Hillary Before the Fall
I have been thinking about the sin of pride lately, not because I suffer from it but because it plays such a large role in politics.
At this point, the potential Republican presidential field doesn't have to worry about pride. That's because it has so little to be proud of.
You see these Republican straw polls and cattle calls, and you come away asking: Which one was supposed to be the exciting one? Which one was supposed to be the smart one? Remind me again.
Currently, the Democratic presidential field is largely limited to just one person, Hillary Clinton. She ought to be worrying a lot about pride, seeing as it helped do her in when she ran for president in 2008.
In fact, she has a lot of things to worry about. She is not just the favorite, and she is not just the prohibitive favorite; she is the inevitable nominee. Except she's not.
If she falters in any of the first four contests — Iowa, New Hampshire, Nevada or South Carolina — it will be viewed as a sign that she is a mere mortal, that she can be wounded, that she can lose.
And other Democrats may feel the urgent need to enter the race to save the party.
Current polls tell her not to worry. But then, the polls told her that before.
The top headline on the Drudge Report on Oct. 4, 2007, was: "Clinton has 33-point lead."
The political strategy of the Clinton camp was simple: She was going to win the nomination because the party owed Hillary the nomination, just as the country owed her the presidency.
"There was an arrogance and insularity that was mind-blowing," a top Hillary adviser told me in 2008.
Which brings us to pride.
One of Hillary's key problems in the 2008 primary race was her refusal to apologize for her vote authorizing the Iraq War in 2002. All the other Democratic senators in the race who had voted for the war said their votes were wrong.
But Hillary refused. She had too much pride. All she would say is: "Knowing what we know now, I would never have voted for it." But she would not apologize.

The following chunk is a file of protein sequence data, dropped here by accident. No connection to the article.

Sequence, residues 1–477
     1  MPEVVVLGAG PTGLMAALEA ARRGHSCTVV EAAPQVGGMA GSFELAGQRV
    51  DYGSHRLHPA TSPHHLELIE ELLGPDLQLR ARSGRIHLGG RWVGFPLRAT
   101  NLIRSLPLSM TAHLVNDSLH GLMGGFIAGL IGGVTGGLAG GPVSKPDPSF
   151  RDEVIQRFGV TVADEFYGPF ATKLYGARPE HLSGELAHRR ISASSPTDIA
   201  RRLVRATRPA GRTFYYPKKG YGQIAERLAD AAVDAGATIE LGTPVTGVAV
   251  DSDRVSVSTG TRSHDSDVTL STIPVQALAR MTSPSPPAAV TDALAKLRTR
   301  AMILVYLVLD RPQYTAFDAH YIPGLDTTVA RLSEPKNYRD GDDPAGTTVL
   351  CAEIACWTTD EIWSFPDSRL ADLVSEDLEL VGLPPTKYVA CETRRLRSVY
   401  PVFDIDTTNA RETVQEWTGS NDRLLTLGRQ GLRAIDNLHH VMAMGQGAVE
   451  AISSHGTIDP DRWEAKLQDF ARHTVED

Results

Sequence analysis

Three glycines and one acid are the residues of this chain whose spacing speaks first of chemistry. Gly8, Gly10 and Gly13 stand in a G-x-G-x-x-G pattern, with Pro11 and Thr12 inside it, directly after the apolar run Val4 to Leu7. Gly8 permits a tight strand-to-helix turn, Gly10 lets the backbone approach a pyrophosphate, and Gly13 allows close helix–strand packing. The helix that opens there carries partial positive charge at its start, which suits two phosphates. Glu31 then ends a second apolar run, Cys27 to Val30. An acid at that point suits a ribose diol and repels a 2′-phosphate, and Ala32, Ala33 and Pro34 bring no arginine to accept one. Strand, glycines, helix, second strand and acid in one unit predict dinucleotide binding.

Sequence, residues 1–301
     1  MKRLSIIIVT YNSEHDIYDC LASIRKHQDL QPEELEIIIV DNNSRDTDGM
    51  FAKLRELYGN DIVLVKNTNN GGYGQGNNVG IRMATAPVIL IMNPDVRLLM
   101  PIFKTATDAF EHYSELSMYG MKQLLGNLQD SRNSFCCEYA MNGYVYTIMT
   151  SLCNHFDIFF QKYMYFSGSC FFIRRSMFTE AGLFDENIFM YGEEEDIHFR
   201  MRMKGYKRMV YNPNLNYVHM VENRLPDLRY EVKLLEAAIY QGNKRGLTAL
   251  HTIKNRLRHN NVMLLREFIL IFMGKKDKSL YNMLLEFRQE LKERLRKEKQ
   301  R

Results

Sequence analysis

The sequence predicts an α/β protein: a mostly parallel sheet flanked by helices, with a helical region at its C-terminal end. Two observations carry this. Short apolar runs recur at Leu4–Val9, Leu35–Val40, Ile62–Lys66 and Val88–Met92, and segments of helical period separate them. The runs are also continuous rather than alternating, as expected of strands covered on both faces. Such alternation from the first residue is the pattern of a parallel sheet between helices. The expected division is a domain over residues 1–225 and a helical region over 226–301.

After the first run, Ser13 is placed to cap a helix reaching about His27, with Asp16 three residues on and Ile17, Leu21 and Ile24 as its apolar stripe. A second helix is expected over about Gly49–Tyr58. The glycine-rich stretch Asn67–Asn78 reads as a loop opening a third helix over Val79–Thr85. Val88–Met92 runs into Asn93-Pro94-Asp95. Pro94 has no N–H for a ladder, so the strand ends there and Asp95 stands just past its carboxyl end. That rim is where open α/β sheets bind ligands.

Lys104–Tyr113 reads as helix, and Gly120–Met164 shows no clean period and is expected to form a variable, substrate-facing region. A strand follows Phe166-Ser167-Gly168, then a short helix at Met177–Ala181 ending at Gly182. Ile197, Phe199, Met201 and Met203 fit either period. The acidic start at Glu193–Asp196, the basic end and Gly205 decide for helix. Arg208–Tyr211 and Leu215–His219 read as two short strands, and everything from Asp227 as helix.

And from his very first day as a candidate, Barack Obama bashed her over the head with that. "Even at the time, it was possible to make judgments that this would not work out well," Obama said of Hillary's Iraq War vote.
Some Hillary advisers went to her and asked her to apologize for her war vote. She wouldn't hear of it. "She didn't want to apologize because she didn't think she had made a mistake," one of those advisers told me.
Pride. Hubris. Even in Hollywood, where pride and hubris are like mother's milk, there was irritation with Hillary.
David Geffen, the multibillionaire Hollywood record executive and film producer, had raised $18 million for Bill Clinton in the old days but now was raising money for Obama.
"It's not a very big thing to say 'I made a mistake on the war' and typical of Hillary Clinton that she can't," Geffen told Maureen Dowd.
Philippe Reines, Clinton's Senate press secretary and campaign adviser, told me, "With the Geffen episode, we got a big dose of reality." People were viewing Hillary's refusal to admit a mistake as not principle but an excess of pride.
In North Carolina in May 2008, a few weeks before the end of the primary season, Tom Vilsack, the former governor of Iowa and a Hillary supporter, sat in the back of a car with Bill Clinton. Vilsack remembers the former president looking for any ray of sunshine amid the gloom.
"Even if she doesn't win, they will know Hillary better and like her better," Bill Clinton finally said. "She's a complex person. They just didn't know her. If you know her, you just love her."
The odd thing about Bill's statement is that Hillary has been in the public eye for decades. So why don't we know her yet?
Don't worry; it's coming, we are told. The new campaign will be bright and shiny, with more experienced operatives and a more organized staff.
Which leaves just one problem: the candidate.
Has she changed? Changing a political strategy is a lot easier than changing a personality.
Hillary said last year: "The Bible was and remains the biggest influence on my thinking. I was raised reading it, memorizing passages from it and being guided by it."
So she must have read Proverbs 16:18: "Pride goes before destruction, and a haughty spirit before a fall."
All Hillary Clinton has to do is be Hillary Clinton, Bill tells us. We will get to know her, and then we will love her.
And with a campaign strategy such as that, what could possibly go wrong?
Roger Simon is Politico's chief political columnist. His new e-book, "Reckoning: Campaign 2012 and the Fight for the Soul of America," can be found on Amazon.com, BN.com and iTunes. To find out more about Roger Simon and read features by other Creators writers and cartoonists, visit the Creators Web page at www.creators.com.
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